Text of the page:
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The Theater of Shadows, the well-known Greek Karagiozis from the Far East, reached the Balkans and Greece through the Arabs and the Turks. Southeast Asia’s most famous shadow theatres are those of Java, Singapore, Thailand, Malaysia, Cambodia, Bali and Laos. The source of their themes is the tales of Rama, based on two Indian epic poems, the Ramayana and the Mahabharata.

At the end of the 19th century, the Turkish Karagiozis had become Hellenized and could clearly express the popular Greek soul. Leading karagiozo-players contributed significantly, such as Mimaros in Patras, Antonis Mollas in Athens and Memos in Thessaloniki. Today Karagiozis, despite the adverse – for any traditional art – living conditions, the imposition of mass media and the prevalence of new forms of entertainment intertwined with technological development, continues to participate in the cultural events of Greek society. In contrast, the unique entertainment and its pedagogical character and, of course, its easy uptake by children have contributed to turning it into a spectacle whose primary audience is the minor audience.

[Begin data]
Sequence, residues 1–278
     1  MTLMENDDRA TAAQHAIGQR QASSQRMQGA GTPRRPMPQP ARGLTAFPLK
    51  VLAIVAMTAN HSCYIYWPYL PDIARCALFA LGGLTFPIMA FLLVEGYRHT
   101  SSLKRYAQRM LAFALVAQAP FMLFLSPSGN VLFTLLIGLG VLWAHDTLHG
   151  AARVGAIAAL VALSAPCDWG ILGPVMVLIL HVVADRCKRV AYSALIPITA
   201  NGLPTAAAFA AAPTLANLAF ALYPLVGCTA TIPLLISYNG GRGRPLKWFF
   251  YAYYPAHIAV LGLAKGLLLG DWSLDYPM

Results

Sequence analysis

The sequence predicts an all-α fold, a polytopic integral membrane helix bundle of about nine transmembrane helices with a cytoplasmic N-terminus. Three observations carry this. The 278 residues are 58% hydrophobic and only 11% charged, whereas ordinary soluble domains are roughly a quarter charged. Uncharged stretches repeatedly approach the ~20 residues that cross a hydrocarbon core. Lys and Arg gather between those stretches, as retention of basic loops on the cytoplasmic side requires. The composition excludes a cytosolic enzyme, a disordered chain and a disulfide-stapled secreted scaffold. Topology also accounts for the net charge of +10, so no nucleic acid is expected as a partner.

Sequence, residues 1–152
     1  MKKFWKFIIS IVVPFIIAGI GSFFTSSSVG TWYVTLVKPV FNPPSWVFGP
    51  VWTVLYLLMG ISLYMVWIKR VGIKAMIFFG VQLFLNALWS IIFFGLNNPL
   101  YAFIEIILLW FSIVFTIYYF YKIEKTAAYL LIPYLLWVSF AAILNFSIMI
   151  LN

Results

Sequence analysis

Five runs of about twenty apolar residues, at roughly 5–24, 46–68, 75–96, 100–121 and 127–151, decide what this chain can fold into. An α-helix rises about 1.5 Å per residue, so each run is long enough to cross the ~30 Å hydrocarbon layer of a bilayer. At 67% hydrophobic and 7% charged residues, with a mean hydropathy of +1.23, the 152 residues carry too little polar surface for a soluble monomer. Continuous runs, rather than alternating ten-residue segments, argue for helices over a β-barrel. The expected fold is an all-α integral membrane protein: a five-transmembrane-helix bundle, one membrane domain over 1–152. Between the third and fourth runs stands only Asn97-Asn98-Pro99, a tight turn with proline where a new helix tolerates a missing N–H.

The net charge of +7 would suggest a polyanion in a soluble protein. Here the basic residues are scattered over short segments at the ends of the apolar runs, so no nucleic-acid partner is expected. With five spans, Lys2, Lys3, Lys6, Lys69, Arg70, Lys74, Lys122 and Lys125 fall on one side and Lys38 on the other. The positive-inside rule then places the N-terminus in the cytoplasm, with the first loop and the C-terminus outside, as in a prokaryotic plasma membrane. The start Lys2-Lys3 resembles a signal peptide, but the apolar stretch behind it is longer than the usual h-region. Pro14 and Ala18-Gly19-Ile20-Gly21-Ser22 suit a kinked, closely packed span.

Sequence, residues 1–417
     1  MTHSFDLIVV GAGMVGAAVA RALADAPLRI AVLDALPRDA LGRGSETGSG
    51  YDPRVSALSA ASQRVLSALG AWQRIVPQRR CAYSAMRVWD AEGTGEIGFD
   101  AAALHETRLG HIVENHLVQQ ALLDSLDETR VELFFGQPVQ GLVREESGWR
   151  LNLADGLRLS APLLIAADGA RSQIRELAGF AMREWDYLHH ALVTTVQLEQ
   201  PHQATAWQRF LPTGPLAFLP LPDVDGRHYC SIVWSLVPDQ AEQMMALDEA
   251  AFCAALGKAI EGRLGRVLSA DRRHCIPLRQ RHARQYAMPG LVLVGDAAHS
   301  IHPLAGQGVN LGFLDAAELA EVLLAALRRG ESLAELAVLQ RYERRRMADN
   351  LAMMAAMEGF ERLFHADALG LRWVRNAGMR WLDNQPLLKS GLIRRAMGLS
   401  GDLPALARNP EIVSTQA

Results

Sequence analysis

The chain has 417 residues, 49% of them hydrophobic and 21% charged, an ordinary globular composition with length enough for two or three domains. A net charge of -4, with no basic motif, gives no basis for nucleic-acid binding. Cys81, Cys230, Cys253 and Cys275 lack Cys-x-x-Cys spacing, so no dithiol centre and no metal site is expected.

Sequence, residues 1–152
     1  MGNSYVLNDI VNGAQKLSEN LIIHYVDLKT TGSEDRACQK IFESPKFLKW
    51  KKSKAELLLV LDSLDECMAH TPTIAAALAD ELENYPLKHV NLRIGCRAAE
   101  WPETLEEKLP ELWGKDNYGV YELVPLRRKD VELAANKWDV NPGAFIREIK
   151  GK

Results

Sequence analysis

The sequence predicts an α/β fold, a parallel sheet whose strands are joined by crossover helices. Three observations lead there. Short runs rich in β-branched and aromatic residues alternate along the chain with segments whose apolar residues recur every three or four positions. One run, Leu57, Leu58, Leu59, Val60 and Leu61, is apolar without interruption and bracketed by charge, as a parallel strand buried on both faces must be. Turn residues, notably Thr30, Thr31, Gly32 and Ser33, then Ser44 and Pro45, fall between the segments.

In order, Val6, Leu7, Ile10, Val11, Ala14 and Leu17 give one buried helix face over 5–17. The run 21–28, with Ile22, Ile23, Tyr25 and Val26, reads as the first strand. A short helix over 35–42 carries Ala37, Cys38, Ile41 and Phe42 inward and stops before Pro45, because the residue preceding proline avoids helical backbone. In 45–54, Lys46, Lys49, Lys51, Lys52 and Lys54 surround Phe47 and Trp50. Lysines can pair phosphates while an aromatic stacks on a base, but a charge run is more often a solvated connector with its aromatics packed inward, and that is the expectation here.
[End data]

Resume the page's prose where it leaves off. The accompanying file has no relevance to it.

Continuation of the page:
One of the unique features of the genre is orality. This element, combined with the fixed morphology and typology, ensures in the Shadow Theater, on the one hand, the contact with tradition and, on the other hand, the immediacy of the communication between the puppeteer and the audience. This improvisational possibility allows this theatre to function pedagogically and to create a climate of immediacy and communication. The lack of specific texts and the codification of the genre leaves considerable room for the thematic modification of traditional drama. Thus this theatre becomes a genre easily accessible to students and able to serve their entertainment needs.

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